Built at a cost of $107 million, the new Warren Harding High School in Bridgeport, Conn., was completed in the fall of 2017 and serves more than 1,000 students, grades 9-12. It’s a four-story, 207,000 square foot structure with a curved façade
to remind some of the hull of a ship stretching from stem to stern.
Its auditorium at the south side of the school has a retractable, hangar-like bifold door that allows the stage to double as an amphitheater and to share it for indoor
and outdoor performances.
Schweiss Doors provided a 34-foot, 8-inch by 20-foot bifold liftstrap door with galvanized wind and side rails, a top-drive motor, electric photo eye
sensors and door base safety edge and black liftstraps.
The door was clad in aluminum-faced panel, in-filled with traditional metal framing with a couple layers of exterior sheeting, an air vapor barrier and polyiso nonflammable insulation.
Polyiso has a high R-value per inch compared to other insulation products and is unique in that the R-value increases with the thickness of the foam. A polyiso continuous insulation system keeps energy and heat loss to a minimum, increasing the building’s
energy efficiency and leading to lower monthly operating costs.
Now that construction is complete, the City of Bridgeport can add Warren Harding High School to the list of schools that have achieved LEED (Leadership in Energy and Environmental Design) Gold Certification by the U.S. Green Building Council,
ensuring the space is low maintenance and environmentally friendly.
Antinozzi Associates, architects for the project, included what it calls three collabagoras in the main part of the school’s design. A light and airy central space between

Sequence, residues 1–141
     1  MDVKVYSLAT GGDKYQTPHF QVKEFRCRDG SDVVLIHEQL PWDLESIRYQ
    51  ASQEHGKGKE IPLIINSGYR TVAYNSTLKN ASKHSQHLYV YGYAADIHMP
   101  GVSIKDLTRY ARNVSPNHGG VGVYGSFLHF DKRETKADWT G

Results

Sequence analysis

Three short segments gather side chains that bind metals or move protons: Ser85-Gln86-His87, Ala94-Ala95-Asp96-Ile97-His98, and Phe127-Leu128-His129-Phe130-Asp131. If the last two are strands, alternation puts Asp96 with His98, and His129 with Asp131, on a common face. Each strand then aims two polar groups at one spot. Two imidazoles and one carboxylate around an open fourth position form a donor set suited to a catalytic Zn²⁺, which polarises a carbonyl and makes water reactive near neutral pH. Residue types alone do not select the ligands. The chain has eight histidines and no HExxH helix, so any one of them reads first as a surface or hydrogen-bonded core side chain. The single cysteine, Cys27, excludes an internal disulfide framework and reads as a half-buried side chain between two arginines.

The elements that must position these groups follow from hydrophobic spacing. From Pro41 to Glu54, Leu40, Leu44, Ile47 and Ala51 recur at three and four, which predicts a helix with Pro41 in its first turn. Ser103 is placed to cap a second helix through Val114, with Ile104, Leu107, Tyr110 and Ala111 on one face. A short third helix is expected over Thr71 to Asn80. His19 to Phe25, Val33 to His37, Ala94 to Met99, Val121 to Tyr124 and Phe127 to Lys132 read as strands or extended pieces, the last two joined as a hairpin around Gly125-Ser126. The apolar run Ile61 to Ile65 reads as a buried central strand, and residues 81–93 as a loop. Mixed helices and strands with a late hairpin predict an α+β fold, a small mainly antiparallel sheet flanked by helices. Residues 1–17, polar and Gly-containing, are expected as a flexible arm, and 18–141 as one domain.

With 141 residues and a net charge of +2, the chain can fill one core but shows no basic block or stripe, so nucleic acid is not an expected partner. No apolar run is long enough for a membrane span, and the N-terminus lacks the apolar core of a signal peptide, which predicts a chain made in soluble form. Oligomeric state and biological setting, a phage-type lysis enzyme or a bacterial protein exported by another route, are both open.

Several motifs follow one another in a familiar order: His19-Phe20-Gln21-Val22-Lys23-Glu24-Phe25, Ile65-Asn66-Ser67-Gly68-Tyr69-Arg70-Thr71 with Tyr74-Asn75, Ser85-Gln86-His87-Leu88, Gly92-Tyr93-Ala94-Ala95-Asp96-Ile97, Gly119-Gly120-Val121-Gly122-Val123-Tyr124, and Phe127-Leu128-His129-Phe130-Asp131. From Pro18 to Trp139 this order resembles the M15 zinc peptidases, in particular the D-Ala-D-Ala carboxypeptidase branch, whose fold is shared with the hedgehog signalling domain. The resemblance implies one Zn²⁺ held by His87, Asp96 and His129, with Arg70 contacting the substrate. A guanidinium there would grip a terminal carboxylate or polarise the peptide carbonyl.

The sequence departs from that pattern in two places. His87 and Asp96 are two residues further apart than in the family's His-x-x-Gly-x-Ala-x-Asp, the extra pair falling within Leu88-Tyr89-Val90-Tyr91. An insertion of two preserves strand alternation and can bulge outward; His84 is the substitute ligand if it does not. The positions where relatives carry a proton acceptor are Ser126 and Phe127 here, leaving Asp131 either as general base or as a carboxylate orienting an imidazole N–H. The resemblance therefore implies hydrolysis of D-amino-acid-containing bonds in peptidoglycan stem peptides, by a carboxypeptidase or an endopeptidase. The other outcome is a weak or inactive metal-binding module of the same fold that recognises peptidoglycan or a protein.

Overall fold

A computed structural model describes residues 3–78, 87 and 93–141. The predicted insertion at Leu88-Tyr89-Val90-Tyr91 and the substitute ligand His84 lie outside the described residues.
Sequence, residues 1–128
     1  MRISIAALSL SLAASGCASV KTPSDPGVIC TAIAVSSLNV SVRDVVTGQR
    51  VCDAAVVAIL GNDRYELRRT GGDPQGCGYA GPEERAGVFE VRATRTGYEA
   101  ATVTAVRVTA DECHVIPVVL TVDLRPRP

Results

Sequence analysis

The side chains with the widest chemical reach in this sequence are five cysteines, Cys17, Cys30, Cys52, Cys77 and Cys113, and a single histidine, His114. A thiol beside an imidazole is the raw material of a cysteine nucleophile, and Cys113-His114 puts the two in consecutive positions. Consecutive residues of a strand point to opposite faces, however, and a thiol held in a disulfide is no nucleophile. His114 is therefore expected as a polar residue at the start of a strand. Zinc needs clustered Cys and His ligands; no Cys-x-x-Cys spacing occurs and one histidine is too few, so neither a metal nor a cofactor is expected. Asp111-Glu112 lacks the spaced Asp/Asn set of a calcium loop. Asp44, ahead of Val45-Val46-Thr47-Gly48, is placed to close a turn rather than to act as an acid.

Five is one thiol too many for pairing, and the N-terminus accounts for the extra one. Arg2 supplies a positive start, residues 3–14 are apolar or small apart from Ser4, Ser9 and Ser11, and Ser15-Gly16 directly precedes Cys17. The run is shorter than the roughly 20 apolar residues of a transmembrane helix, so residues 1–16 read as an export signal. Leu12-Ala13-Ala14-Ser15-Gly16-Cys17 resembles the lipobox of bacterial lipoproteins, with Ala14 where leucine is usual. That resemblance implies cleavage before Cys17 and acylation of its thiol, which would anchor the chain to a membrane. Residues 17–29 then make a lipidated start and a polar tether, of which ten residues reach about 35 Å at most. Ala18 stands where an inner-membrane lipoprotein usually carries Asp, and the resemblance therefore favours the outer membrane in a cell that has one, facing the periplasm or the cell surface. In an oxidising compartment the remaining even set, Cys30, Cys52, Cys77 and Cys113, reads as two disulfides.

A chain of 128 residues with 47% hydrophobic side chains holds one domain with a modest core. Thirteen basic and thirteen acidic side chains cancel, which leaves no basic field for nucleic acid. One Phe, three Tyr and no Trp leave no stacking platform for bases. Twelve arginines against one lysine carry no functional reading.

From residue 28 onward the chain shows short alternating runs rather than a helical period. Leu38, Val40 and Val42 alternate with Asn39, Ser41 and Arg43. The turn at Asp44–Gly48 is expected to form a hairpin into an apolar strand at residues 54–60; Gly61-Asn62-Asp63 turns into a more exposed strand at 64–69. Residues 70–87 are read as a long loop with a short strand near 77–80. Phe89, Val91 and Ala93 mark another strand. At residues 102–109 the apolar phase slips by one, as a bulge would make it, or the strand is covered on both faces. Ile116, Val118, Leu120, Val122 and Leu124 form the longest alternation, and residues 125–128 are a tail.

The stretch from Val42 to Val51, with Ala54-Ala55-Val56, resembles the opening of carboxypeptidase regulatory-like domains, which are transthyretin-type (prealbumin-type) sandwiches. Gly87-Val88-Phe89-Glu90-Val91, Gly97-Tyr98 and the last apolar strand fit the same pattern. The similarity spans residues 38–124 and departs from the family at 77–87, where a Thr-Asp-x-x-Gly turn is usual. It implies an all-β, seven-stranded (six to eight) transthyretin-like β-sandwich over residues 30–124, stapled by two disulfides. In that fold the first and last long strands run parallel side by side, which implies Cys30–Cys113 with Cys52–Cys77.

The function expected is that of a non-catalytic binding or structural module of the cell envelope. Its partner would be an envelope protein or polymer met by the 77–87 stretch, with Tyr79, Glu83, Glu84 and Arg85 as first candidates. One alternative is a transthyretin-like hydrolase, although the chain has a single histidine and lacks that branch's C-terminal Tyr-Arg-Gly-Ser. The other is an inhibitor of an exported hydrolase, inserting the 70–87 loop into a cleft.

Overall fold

classrooms, the collabagoras also allow students to see through glass railings to floors above and below.
“The urban security system that is tied into the local police as well is a little more unique to the Bridgewater community,”
says David Ferris, Project Architect. “It includes a bank of metal detectors installed at the main entrance. Every entrance has bullet-resistant glass. The facility also boasts 130 security cameras and X-ray machines.
at the time, was one of the manufacturers that was specified for the door. We did look at another company represented by a local rep and we found out there were some limitations to it. The other manufacturer actually recommended Schweiss. The Schweiss
door accomplished the size needed and met our needs for cladding; the way it opened, how it opened and how it impacted the stage when open as well. We had to treat it as an exterior wall. What I like best about the bifold door, quite frankly, are
the user possibilities as a community resource. Hopefully, the school will use the band for community school spirit.”
Andron Construction of Golden Bridges, N.Y., was awarded the General Trade Package for this high school. “I think
Schweiss doors are straightforward with good ol’ American ingenuity,” says Robert Nalaboff, Andron’s project manager. “Schweiss doors are a specialty product that I can’t say I have anything to compare it to.”
Nalaboff also was pleased with the people that Schweiss recommended to install the bifold door. He says they included a few choices. Duane Howard from Advanced Welding LLC of Southington, Conn., was selected to complete the install.
I appreciated most were the people at Schweiss – Brent and the gang and the engineering support,” Nalaboff says. “When it was shop drawing time, everybody was attentive – here’s the load, what it is per square foot, here’s
the assembly; there were some electrical changes that Schweiss recommended to the electrical engineer. It was a complete package, what I would term as turnkey, which is important especially when you are guiding an electrical engineer that may be
working on another project. It made it easier for him to do his job and he did it readily. Sometimes it ends up at the bottom of somebody’s in-boxes. It was straightforward.”